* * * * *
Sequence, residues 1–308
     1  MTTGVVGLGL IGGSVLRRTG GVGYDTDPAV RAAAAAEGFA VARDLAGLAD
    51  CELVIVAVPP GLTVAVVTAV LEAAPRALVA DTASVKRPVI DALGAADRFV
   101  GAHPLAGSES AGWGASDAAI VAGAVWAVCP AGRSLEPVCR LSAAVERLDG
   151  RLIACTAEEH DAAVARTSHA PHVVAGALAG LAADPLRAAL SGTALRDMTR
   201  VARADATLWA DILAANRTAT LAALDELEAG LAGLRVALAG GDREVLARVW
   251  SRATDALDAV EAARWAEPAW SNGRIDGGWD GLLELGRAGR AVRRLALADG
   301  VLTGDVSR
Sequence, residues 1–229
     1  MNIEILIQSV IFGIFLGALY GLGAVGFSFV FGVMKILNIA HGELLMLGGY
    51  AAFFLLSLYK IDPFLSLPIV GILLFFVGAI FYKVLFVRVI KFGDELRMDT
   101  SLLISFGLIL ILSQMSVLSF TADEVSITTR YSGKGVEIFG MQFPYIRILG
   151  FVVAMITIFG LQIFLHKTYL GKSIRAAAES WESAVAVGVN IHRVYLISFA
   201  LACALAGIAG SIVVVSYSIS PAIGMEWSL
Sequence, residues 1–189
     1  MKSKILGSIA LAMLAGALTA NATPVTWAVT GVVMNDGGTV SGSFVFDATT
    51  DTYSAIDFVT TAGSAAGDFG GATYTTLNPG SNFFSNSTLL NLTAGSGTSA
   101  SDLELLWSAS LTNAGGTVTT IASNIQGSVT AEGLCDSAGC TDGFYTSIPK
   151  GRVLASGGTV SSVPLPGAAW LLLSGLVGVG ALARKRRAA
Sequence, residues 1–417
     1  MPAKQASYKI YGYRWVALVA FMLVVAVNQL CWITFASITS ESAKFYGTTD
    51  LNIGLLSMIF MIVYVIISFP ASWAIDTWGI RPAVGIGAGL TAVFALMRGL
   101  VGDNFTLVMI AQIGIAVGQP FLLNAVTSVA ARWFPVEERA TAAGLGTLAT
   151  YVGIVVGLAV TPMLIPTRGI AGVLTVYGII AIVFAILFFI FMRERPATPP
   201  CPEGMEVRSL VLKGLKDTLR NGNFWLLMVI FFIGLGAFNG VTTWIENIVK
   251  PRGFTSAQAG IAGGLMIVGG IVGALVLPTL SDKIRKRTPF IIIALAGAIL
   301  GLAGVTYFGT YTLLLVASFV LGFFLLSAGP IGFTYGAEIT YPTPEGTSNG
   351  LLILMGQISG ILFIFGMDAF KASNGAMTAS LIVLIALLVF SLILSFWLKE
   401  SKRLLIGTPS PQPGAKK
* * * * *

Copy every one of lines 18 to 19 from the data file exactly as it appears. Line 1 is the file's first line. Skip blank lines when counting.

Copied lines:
   101  SDLELLWSAS LTNAGGTVTT IASNIQGSVT AEGLCDSAGC TDGFYTSIPK
   151  GRVLASGGTV SSVPLPGAAW LLLSGLVGVG ALARKRRAA